Crucified Santa Painting To Hang In St. Patrick’s Cathedral
A picture of Santa Claus hanging on the cross may be displayed at New York’s largest Cathedral Sunday to protest the commercialization of Christmas after years of controversy.
The painting, titled “The Presence of Man,” shows a crucified Santa on a cross over a field of Christmas presents. The shocking image is supposed to convey how Santa Claus has become the embodiment of Christmas, according to the creator of the work, Robert Cenedella.
“To see [Santa] in place of Christ confuses and challenges those who have accepted a myth in place of what is considered the most important person in human history,” Cenedella told the New York Daily News in December, when the work resurfaced.
Ever since Cenedella created the work, he’s maintained that “I didn’t replace Christ with Santa Claus: Commercialism and Capitalism did.” The work now hangs at the Smithsonian Museum in Washington, D.C.
@robertcenedella and his painting “The Presence of Man” (aka “Santa”) are featured in today’s @NYDailyNews. Check out more ART at rcenedellagallery.com and artbastard.com #santa #commercialism #christmas #capitalism #art #artist #painter #painting #picture #robertcenedella #rebel #artbastard #independent #political #nyc #museum #gallery #moma #themet #newmuseum #brooklynmuseum #thecloisters #metbreur #frickcollection #guggenheim #thewhitney #newyorkpubliclibrary #cooperunion
While the painting caused quite an uproar when it was first displayed in 1997, one of its harshest critics has somewhat changed his mind.
Catholic League president Bill Donohue objected to the painting 30 years ago, saying its message was confused and bordered on blasphemy. Now, however, he thinks “Cenedella has convinced me that he is well meaning,” Donohue wrote in a blog post Dec. 19.
“It caught my eye when it debuted some 20 years ago,” Donohue wrote. “At that time, I said, ‘We took no objection to art that protested the commercialization of Christmas, but we also maintained that it was not obvious that the painting conveyed that message.'”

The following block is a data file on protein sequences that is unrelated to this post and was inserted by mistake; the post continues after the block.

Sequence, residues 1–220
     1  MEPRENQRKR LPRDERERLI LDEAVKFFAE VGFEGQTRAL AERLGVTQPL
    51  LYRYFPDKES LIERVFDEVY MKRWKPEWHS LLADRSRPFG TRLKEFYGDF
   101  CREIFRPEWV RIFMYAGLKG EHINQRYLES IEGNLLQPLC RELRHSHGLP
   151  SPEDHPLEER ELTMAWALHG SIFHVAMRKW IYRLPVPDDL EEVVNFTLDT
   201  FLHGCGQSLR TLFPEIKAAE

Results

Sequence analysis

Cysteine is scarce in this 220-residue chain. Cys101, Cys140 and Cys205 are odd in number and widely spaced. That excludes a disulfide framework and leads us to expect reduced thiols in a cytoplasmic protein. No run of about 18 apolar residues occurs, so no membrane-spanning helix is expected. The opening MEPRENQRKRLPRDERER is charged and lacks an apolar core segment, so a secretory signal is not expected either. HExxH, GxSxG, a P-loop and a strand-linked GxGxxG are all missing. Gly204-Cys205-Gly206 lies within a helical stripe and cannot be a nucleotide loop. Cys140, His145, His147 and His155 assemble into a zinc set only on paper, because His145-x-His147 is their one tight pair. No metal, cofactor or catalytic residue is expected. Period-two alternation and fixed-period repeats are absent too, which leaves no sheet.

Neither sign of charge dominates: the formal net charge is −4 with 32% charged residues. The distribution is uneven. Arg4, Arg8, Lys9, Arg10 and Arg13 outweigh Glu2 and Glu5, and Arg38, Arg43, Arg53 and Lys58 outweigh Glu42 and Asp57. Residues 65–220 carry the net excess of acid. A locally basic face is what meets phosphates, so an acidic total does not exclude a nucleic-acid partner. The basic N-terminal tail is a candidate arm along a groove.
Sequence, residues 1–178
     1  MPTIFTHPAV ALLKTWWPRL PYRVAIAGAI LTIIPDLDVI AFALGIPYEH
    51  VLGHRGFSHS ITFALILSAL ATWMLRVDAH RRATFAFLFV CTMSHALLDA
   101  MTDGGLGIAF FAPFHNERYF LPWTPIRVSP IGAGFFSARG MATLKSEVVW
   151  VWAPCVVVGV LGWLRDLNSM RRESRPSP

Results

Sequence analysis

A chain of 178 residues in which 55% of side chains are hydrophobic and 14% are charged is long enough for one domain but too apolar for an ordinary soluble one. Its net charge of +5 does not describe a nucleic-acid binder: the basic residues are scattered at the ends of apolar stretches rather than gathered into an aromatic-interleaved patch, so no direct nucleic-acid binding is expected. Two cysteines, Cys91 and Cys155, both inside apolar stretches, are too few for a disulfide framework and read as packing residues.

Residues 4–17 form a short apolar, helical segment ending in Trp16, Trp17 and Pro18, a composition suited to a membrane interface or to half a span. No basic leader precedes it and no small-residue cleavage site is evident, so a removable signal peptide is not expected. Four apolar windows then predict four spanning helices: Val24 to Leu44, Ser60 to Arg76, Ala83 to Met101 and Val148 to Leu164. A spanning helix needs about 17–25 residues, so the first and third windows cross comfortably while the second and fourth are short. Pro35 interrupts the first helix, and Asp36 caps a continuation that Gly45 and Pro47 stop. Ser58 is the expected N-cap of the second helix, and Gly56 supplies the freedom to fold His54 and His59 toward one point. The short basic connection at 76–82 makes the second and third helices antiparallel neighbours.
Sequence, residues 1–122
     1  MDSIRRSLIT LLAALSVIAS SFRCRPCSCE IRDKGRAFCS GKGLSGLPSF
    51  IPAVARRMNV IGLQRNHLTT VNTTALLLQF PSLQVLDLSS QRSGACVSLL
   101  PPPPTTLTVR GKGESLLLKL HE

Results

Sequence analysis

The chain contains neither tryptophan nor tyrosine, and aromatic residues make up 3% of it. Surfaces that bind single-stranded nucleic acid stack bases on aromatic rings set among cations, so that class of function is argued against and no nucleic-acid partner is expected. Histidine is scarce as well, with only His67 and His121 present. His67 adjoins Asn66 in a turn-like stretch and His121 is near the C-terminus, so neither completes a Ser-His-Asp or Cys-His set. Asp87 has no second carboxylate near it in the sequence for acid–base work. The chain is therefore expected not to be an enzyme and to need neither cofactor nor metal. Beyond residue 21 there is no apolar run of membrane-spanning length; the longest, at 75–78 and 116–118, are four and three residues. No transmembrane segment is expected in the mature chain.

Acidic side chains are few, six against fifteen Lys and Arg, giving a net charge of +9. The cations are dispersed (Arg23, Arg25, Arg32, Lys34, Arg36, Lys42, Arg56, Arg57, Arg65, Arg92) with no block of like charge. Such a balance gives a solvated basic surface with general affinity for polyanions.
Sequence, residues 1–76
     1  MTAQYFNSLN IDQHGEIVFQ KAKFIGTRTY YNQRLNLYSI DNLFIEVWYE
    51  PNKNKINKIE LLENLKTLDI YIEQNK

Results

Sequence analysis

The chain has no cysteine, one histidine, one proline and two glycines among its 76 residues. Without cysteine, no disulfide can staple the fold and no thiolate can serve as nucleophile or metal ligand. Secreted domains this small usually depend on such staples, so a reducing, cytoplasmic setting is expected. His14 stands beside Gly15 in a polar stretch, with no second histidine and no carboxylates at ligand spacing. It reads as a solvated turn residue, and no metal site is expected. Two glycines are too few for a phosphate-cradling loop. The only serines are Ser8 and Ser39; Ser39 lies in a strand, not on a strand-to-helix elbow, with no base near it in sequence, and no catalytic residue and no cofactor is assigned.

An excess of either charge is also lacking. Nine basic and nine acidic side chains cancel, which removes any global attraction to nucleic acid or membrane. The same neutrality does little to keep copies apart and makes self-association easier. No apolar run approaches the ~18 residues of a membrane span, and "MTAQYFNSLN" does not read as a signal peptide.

A reporter for the New York Daily News brought up the issue with Donohue, and offered Cenedella’s attestation that the work was not intended to offend Christians, but make viewers think about how commercialization has replaced Christ in the holiday.
“We are not far apart,” Donohue told the reporter after hearing the artist’s words. “I take him at his word—-the message he seeks to convey is indeed the commercialization of Christmas. I agree that it is not an auspicious development.”
As he did in 1998, Donohue said “the artist could have made the same point by putting Santa in a noose, thus avoiding a conflict with Christians.” Cenedella’s response is that putting Santa in a noose might offend African Americans in an apparent reference to lynching.
Cenedella’s Santa painting was first displayed at the Art Students League in December 1997, but it was painted a decade before for a show at the New York offices of the Saatchi & Saatchi ad agency. The painting offended there, too, and the agency took it down.
The painting may now make an appearance in front of the largest Catholic church in New York City. “He always wanted to show it on Christmas Eve at St. Patrick’s to get people’s attention back on Christ on the cross instead of the commercialization of Christmas, which this painting is about,” a friend of Cenedella told Page Six.
St. Patrick’s Cathedral did not immediately return The Daily Caller News Foundation’s request for comment.
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